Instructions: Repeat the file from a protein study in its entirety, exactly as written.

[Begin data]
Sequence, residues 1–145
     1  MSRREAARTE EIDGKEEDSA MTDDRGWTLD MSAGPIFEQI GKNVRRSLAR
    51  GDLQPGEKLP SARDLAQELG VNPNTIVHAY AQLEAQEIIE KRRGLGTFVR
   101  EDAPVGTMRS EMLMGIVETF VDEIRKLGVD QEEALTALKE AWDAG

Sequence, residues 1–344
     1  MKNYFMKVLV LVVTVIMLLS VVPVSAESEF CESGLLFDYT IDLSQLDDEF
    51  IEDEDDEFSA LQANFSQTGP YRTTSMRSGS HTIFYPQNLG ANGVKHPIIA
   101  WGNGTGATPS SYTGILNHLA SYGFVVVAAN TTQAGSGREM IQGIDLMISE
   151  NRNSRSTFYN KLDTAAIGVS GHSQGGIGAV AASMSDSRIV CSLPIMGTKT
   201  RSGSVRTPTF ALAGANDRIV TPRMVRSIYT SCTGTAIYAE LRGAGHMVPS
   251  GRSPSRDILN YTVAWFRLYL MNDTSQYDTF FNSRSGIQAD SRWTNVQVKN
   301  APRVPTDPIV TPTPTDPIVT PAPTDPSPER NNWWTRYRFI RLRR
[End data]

Sequence, residues 1–145
     1  MSRREAARTE EIDGKEEDSA MTDDRGWTLD MSAGPIFEQI GKNVRRSLAR
    51  GDLQPGEKLP SARDLAQELG VNPNTIVHAY AQLEAQEIIE KRRGLGTFVR
   101  EDAPVGTMRS EMLMGIVETF VDEIRKLGVD QEEALTALKE AWDAG

Sequence, residues 1–344
     1  MKNYFMKVLV LVVTVIMLLS VVPVSAESEF CESGLLFDYT IDLSQLDDEF
    51  IEDEDDEFSA LQANFSQTGP YRTTSMRSGS HTIFYPQNLG ANGVKHPIIA
   101  WGNGTGATPS SYTGILNHLA SYGFVVVAAN TTQAGSGREM IQGIDLMISE
   151  NRNSRSTFYN KLDTAAIGVS GHSQGGIGAV AASMSDSRIV CSLPIMGTKT
   201  RSGSVRTPTF ALAGANDRIV TPRMVRSIYT SCTGTAIYAE LRGAGHMVPS
   251  GRSPSRDILN YTVAWFRLYL MNDTSQYDTF FNSRSGIQAD SRWTNVQVKN
   301  APRVPTDPIV TPTPTDPIVT PAPTDPSPER NNWWTRYRFI RLRR